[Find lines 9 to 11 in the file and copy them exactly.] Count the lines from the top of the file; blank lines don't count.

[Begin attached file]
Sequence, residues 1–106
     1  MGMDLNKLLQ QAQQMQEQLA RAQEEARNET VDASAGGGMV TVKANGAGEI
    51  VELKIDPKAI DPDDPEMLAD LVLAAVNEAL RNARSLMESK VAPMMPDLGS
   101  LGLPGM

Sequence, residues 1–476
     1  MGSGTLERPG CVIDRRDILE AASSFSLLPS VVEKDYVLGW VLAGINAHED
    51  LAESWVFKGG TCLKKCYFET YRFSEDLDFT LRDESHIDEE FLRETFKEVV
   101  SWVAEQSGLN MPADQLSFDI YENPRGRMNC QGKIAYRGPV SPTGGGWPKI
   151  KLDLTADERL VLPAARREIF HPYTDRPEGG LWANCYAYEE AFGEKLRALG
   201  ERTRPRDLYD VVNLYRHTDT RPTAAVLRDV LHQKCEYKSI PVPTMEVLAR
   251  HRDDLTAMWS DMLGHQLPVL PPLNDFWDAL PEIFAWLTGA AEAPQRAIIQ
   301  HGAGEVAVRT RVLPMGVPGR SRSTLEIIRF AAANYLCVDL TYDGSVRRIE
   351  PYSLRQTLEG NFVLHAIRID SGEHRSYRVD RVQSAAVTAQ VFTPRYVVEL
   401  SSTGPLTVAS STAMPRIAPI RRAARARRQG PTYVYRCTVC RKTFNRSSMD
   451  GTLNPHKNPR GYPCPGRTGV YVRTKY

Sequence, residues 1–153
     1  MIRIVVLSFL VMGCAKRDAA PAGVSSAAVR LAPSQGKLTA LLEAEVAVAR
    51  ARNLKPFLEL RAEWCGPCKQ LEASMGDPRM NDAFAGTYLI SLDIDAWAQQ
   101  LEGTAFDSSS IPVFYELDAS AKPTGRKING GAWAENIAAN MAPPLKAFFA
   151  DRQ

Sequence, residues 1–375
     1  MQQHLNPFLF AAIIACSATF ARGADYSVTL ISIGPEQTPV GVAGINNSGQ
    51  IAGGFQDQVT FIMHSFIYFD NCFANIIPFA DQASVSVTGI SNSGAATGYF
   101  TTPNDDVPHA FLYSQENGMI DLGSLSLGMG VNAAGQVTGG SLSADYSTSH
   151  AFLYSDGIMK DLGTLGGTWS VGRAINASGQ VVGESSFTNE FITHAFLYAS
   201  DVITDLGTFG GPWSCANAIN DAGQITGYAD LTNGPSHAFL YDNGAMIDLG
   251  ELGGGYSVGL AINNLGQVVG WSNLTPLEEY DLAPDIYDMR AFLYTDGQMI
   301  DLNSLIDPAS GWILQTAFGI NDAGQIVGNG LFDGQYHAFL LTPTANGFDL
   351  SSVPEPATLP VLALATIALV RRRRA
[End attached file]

   151  KLDLTADERL VLPAARREIF HPYTDRPEGG LWANCYAYEE AFGEKLRALG
   201  ERTRPRDLYD VVNLYRHTDT RPTAAVLRDV LHQKCEYKSI PVPTMEVLAR
   251  HRDDLTAMWS DMLGHQLPVL PPLNDFWDAL PEIFAWLTGA AEAPQRAIIQ